No matter how unlikely, there was always bound to be someone out there who was desperate to have an iPhone that runs Android. Enter Tendigi partner and CTO – and jazz pianist – Nick Lee who designed and built a 3D printed smartphone case that lets him run Android on his iPhone. The folks at Tendigi are no strangers to messing with Apple devices, having recently found a way to get the classic Windows 95 OS to run on an Apple Watch. So Lee decided to take his tech-mixing ways to the next level and see if he could find a way to get the Google-designed open source smartphone operating system to run on its nemesis, a very much NOT open source iPhone 6 Plus.
Taking advantage of the open source nature of the Android OS, Lee used the tools from Google’s Android Open Source Project to build an app that would allow his iPhone to run using Android’s latest version, 6.0.1 Marshmallow. He started with an embedded Android HiKey development board and linked it up with a lithium-polymer battery pack with an an integrated protection circuit to prevent things like explosions and giant fireballs. Lee also needed to use a boost converter voltage regulator that would allow the battery pack’s 3.7 volts to run the HiKey. Unfortunately, there were still some hardware issues that he would need to sort out before he could get everything working.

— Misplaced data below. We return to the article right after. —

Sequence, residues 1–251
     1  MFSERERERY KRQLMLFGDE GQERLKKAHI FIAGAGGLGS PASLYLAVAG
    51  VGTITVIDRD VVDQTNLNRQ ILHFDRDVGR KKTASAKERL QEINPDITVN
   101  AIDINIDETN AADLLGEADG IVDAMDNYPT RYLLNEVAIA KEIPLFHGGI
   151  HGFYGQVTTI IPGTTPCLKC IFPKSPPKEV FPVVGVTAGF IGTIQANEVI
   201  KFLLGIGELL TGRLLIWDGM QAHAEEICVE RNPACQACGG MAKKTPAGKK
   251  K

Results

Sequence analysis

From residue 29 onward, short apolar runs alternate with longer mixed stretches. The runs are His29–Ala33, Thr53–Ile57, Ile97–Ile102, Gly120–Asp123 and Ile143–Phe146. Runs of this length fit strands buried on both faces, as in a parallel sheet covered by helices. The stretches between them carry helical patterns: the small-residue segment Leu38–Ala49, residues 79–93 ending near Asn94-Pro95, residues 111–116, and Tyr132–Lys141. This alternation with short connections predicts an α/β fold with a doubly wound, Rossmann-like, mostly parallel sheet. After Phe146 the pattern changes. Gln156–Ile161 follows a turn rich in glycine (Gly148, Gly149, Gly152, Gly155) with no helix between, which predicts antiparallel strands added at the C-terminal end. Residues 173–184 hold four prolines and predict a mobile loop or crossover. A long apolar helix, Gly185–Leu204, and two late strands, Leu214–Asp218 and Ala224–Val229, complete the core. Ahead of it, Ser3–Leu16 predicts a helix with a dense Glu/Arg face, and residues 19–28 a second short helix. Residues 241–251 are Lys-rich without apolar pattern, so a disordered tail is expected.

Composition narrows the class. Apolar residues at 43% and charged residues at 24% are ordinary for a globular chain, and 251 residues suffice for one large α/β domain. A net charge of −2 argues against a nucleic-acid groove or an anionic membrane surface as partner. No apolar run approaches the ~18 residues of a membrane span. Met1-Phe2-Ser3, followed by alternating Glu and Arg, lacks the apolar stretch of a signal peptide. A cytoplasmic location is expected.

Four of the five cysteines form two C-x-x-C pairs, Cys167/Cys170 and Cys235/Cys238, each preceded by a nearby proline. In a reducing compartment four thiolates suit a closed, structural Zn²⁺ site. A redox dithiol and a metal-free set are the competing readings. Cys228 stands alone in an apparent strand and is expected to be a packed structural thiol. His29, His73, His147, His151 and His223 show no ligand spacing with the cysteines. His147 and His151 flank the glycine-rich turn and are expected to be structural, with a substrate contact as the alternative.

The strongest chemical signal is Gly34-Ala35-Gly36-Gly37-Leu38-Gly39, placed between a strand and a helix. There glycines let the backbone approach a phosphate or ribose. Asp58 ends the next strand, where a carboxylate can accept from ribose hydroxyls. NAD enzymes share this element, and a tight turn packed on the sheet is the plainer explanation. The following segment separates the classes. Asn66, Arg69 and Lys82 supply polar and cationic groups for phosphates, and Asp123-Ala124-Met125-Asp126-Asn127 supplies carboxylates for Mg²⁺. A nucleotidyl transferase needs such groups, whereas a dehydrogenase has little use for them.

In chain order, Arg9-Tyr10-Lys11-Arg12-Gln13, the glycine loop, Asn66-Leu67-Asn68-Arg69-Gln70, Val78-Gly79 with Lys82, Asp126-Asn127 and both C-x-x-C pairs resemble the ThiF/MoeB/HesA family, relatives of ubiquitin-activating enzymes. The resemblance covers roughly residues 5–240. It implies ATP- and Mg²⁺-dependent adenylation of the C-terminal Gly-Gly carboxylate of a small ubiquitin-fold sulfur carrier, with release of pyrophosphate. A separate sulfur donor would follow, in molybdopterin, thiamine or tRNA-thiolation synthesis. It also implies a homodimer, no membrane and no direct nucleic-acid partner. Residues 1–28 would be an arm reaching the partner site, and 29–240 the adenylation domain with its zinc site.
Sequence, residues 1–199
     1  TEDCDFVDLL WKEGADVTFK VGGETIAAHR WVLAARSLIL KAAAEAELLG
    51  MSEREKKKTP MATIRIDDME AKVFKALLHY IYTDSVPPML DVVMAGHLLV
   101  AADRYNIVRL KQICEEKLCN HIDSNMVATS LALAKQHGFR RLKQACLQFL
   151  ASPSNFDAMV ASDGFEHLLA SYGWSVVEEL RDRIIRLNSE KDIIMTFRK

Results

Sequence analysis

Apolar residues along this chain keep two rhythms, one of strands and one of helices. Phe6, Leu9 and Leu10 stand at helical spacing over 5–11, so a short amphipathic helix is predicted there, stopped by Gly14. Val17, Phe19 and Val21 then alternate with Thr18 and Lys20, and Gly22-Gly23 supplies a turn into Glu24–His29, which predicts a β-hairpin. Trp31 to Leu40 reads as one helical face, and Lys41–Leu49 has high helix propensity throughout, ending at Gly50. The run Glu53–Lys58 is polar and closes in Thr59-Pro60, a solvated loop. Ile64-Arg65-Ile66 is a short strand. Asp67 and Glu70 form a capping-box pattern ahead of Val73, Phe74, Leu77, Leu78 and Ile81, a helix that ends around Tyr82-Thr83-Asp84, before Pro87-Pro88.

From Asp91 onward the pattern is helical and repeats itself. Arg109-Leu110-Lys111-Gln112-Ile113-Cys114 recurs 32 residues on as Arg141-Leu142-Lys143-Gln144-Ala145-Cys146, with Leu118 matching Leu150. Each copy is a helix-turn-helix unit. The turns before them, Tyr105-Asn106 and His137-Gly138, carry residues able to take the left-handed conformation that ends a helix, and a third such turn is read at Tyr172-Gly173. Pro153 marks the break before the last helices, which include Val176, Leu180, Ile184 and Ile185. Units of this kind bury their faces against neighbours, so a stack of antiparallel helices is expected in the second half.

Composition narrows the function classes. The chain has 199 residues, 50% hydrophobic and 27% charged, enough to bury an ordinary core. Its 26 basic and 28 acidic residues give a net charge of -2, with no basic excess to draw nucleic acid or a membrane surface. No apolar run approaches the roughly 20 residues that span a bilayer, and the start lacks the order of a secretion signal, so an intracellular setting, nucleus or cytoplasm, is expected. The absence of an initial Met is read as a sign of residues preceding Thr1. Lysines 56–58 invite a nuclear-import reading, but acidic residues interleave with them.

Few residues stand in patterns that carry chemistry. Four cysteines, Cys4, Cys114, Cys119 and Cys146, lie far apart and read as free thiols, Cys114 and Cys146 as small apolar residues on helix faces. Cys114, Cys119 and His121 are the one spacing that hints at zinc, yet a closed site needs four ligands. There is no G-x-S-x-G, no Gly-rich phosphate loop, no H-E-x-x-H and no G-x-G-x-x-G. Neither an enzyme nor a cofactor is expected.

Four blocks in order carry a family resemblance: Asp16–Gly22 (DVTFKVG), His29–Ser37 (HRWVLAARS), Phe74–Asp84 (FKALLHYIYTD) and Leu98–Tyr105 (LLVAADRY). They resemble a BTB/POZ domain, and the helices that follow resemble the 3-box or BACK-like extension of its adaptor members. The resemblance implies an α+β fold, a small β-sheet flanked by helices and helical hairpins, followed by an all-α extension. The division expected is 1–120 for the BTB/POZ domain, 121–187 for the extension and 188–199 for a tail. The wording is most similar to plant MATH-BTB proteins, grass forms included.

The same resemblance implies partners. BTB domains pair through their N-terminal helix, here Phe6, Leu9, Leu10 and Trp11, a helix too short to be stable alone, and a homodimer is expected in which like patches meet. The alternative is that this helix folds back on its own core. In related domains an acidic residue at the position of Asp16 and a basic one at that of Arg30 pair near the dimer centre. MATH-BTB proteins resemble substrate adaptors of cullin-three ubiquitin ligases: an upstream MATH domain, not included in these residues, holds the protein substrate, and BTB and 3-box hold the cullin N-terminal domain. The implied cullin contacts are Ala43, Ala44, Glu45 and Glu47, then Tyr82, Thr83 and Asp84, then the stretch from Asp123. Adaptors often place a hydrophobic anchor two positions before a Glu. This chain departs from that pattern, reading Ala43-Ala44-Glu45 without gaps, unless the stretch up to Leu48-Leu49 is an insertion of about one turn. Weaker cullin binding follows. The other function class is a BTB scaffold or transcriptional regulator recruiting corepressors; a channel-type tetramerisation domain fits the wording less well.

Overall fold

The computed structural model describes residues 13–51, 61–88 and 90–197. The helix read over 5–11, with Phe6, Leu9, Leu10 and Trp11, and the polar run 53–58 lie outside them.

Every Thursday is #3dthursday here at Adafruit! The DIY 3D printing community has passion and dedication for making solid objects from digital models. Recently, we have noticed electronics projects integrated with 3D printed enclosures, brackets, and sculptures, so each Thursday we celebrate and highlight these bold pioneers!
Have you considered building a 3D project around an Arduino or other microcontroller? How about printing a bracket to mount your Raspberry Pi to the back of your HD monitor? And don’t forget the countless LED projects that are possible when you are modeling your projects in 3D!
Stop breadboarding and soldering – start making immediately! Adafruit’s Circuit Playground is jam-packed with LEDs, sensors, buttons, alligator clip pads and more. Build projects with Circuit Playground in a few minutes with the drag-and-drop MakeCode programming site, learn computer science using the CS Discoveries class on code.org, jump into CircuitPython to learn Python and hardware together, or even use Arduino IDE. Circuit Playground Express is the newest and best Circuit Playground board, with support for MakeCode, CircuitPython, and Arduino. It has a powerful processor, 10 NeoPixels, mini speaker, InfraRed receive and transmit, two buttons, a switch, 14 alligator clip pads, and lots of sensors: capacitive touch, IR proximity, temperature, light, motion and sound. A whole wide world of electronics and coding is waiting for you, and it fits in the palm of your hand.